In the next group is represents the Studio Senese (Senese means from Siena), it includes two drummers, a standard-bearer, a rector, four teachers and four students.
The standard-bearer and 3 of the Magistrates Merchandise preceded by two drummers followed by six representatives of each Contrada preceded by a standard-bearer who rears the banner of each of the guilds of each Contrada:
Tailors Valdimontone (Valley of the Ram)),
Pharmacists Pantera (Panther),
Sculptors Tartuca (Tortoise),
Weavers Selva (Forest),
Dye makers Oca (Goose),
Bankers Drago (Dragon),
Potters Nicchio (Seashell),
Goldsmiths Leocorno (Unicorn),
Notaries Aquila (Eagle),
Silk Makers Bruco (Caterpillar),
Cobblers Civetta (Little Owl),
Wool makers Torre (Tower),
Painters Giraffa (Giraffe),
Carpenters Onda (Wave),
Bakers Lupa (She-Wolf),
Tanners Chiocciola (Snail),
Smiths Istrice (Crested Porcupine).
A page bearing the “Masgalano” (prize for the best “pop”) with two pages following.
Contrada parade of the ten in the race. Each appearance is as follows: a drummer, two bishops, the “Duce” escorted by two armed men, then more pages holding the banner of the Contrada flanked by two pages bearing the flags of the military companies. On a large horse (called the “soprallasso”) escorted by a groom, is the jockey in ceremonial dress, followed the horse which is racing. Contradas participating in the Palio enter the order determined by the drawn lots.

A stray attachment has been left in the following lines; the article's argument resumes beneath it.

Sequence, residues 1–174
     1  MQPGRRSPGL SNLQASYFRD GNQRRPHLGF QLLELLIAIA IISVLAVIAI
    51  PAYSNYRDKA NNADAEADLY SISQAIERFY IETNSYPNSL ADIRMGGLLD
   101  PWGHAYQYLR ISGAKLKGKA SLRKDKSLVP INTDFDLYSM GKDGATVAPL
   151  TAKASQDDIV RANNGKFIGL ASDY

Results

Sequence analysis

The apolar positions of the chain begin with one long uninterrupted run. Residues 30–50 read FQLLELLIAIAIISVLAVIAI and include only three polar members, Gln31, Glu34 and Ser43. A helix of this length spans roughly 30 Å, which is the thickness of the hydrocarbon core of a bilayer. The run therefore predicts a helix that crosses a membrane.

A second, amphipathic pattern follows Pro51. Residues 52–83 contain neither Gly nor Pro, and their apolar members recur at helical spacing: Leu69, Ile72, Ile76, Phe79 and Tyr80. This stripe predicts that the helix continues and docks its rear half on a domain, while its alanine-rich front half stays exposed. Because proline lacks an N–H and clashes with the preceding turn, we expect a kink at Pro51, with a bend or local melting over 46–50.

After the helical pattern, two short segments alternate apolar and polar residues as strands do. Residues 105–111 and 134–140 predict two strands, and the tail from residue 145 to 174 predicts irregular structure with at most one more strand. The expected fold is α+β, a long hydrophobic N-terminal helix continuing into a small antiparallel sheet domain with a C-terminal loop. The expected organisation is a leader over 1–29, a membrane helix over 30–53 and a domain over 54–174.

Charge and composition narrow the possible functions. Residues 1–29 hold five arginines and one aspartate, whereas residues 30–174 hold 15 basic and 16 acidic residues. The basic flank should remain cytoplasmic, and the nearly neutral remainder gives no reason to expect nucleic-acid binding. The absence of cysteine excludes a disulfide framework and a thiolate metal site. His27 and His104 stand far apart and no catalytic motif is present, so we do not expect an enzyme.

A double row of six little pages bearing the symbolic garlands, form division with the Contrade excluded from this Palio.
The appearance of the 7 Contrade not participating consist of the following elements: the drummer, two bishops, a leader escorted by two soldiers, Major page and Banner Carrier with two pages bearing the flags of the old military companies.
This is followed by six knights pages, representatives Contradas which no longer exist (Gallo, Lion, Bear, Oak, Spadaforte, Viper).
20 archers preceded by a page flag holder by the Captain, 2 and 4 drummers.
Following these the Captain of Justice with a horse and Page, escorted by four armed soldiers.
The procession is closed by the Carroccio (cart) pulled by four oxen. on the Carroccio are the Balia, the bearer of the Palio, a valet who plays the “Martinella” and 6 trumpeters.
The Carroccio is accompanied by eight soldiers armed with Roncone and is followed by six knights representing many old noble families of Siena: Pannocchieschi d’Elci, Piccolomini, Salimbeni, Salvani, Tolomei, Ugurgieri.
The historical procession ends with six pages bearing a laurel wreath.
The “Festa Titolare”